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Tag Archives: Drug
As part of a larger bill that takes drug testing for state welfare and unemployment to a new even more stringent level, West Virginia news station WSAZ (Channel 3) reports that proposed drug testing for drivers licenses would begin with a prospective driver’s first attempt at gaining a license.
Additional information revealed by WSAZ discusses that drivers would have to pass a drug test three times before being able to obtain their West Virginia drivers license—once to get a learner’s permit, once for the intermediate West Virginia driver’s license, and finally, pass one more drug test to obtain a full license with all driver benefits.
“I think it’s crazy, way too far. No one wants to pee in a cup three times for the government. Even people who drive professionally with Class A licenses aren’t under that kind of pressure. It’s like these representatives want a police state,” says Suzanna Miller, a West Virginia native.
While some argue it will deter drug use within the state of West Virginia, others disagree. “These politicians say they want smaller government, then they want to have us taxpayers foot the bill for three drug tests per driver in the state? That’s not smaller government and it’s a lot closer to the communism they claim Obama is part of,” states a local West Virginian and business owner, Markus Powell.
In April of 2012 West Virginia passed a measure that mandates drug testing for those who partake in job and training programs funded by the government, but according to commentators on the original story posted in Charleston, West Virginia, most state residents find this measure acceptable.
“It’s not that we oppose having to pass a drug test for anything, it’s that we oppose having to pass a drug test for everything,” says marijuana legislation topic blogger, Dave Dawkins, adding, “People want to feel free, and they won’t feel really very free if they have to pass a urine test three times for a driver’s license. I doubt this measure will pass in West Virginia, but that won’t keep them from trying and using this as a platform to make drug testing for welfare seem totally status quo.”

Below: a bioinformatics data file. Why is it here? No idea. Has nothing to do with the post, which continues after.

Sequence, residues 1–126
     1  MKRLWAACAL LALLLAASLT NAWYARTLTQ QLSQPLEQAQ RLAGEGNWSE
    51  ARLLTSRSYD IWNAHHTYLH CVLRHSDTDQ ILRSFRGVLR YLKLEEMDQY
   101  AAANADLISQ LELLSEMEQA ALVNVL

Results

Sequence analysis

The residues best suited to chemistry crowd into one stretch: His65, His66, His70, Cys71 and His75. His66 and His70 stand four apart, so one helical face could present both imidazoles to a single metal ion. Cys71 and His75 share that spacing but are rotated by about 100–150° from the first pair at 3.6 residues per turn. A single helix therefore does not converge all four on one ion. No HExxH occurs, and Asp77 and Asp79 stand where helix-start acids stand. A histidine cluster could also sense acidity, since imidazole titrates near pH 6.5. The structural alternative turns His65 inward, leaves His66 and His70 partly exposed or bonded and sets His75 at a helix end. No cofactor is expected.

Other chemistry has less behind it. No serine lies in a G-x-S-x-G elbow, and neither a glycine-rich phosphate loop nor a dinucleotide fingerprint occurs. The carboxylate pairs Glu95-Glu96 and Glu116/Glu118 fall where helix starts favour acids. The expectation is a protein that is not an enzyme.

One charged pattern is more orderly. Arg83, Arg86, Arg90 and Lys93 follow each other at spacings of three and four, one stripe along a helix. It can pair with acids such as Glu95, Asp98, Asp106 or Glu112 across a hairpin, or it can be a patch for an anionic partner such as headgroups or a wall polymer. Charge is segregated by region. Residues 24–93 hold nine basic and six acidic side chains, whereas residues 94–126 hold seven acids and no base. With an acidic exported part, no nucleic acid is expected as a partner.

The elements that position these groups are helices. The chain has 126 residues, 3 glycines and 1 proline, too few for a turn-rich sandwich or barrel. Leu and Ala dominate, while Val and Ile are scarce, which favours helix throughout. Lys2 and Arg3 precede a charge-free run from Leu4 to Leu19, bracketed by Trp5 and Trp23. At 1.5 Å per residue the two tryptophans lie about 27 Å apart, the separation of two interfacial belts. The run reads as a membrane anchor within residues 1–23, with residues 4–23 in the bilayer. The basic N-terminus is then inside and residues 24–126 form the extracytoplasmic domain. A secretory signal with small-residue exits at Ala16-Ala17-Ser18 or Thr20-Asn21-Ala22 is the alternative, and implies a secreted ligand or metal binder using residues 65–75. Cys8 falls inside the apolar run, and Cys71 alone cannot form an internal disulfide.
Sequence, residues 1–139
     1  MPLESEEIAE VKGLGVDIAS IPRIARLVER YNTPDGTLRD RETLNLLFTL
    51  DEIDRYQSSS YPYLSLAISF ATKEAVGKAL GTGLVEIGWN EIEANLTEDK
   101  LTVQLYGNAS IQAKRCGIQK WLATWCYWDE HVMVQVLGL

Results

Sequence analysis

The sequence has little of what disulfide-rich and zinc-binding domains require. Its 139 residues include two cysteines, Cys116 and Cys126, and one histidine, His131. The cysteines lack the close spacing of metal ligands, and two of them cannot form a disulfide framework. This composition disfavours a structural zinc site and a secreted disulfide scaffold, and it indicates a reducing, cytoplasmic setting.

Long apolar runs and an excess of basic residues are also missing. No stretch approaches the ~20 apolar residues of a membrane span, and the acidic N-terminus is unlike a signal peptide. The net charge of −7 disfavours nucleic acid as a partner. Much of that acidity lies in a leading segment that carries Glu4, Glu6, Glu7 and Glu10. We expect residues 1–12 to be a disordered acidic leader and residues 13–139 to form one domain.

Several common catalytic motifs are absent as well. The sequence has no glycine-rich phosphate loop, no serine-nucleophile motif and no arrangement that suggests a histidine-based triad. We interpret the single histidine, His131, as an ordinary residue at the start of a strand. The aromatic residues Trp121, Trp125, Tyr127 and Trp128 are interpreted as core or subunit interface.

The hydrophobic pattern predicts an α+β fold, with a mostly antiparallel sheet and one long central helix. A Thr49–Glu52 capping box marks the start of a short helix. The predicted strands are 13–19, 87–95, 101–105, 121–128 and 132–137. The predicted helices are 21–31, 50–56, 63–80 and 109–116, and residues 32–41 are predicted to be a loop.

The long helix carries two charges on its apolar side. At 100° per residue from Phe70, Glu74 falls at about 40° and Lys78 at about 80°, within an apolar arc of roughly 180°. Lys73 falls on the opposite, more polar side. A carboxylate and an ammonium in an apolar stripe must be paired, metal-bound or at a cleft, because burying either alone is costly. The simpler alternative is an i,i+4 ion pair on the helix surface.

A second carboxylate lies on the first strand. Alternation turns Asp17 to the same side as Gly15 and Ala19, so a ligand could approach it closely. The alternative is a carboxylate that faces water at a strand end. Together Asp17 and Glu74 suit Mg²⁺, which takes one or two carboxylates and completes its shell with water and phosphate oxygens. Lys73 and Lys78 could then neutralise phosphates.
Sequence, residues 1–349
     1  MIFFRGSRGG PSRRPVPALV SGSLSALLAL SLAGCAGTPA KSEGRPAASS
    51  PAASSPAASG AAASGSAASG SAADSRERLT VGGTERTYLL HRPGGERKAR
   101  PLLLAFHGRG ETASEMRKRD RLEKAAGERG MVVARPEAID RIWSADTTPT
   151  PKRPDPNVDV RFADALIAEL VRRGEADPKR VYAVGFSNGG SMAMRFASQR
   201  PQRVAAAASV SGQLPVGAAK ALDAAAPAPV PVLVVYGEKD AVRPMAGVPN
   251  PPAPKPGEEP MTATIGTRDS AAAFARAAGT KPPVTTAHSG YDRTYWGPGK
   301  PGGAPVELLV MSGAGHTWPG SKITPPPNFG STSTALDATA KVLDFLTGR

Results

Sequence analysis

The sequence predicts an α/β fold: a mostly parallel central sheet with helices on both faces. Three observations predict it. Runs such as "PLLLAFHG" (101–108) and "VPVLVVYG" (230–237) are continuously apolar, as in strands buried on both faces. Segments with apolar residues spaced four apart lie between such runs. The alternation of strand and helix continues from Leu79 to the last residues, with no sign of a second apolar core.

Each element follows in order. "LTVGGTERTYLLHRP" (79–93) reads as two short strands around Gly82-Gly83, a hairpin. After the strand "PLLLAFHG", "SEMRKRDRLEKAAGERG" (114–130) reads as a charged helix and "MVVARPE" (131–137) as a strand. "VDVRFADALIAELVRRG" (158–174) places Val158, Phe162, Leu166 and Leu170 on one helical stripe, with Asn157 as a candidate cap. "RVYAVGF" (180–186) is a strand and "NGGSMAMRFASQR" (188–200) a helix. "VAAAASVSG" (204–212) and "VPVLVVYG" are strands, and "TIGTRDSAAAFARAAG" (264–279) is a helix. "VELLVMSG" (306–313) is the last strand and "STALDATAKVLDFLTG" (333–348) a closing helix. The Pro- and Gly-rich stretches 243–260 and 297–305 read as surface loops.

Since Colorado voted to legalize recreational use of marijuana, there have been concerns about contradictions that now exist between state and federal laws — including a contentious debate about workplace regulation. One Denver CEO told us that legal pot will make it hard for him to hire people, because he has to maintain a drug-free environment. But an A64 backer tells us that many employers are misguided — and that businesses don’t have to do drug testing.
Last week Jeffrey Popiel, president and CEO of a Denver-based company called Geotech, which manufactures and sells environmental equipment, told us that his biggest concern with the Regulate Marijuana Like Alcohol measure is that he’ll have to turn away candidates for jobs, because even though state law says they can now smoke, it doesn’t change policies at his company.
Intelligent Fingerprinting, a spin-out company from the University of East Anglia, has been awarded £425,000 by the Biomedical Catalyst – a programme run by the Medical Research Council and the Technology Strategy Board to accelerate innovative health-care products.
Intelligent Fingerprinting has developed drug screening technology to analyse the sweat in a fingerprint to reveal the recent drug-use history of an individual.
It provides results in 10 minutes using a portable hand-held device.
A £135,000 award will fund a project in partnership with the University of Leicester to research the feasibility of using this technology for drug screening A&E patients on admission to hospital.
Suncor Energy, Total E&P Canada and Canadian Natural Resources Ltd. recently announced a pilot study of randomized drug testing as part of the Drug and Alcohol Risk Reduction Pilot Project.
The Federal Motor Carrier Safety Administration’s annual drug and alcohol strike force sweep, held April 30 to May 11, resulted in 287 commercial bus and truck drivers being removed from the roads. More than 128 companies face enforcement actions as a result of the two-week sweep.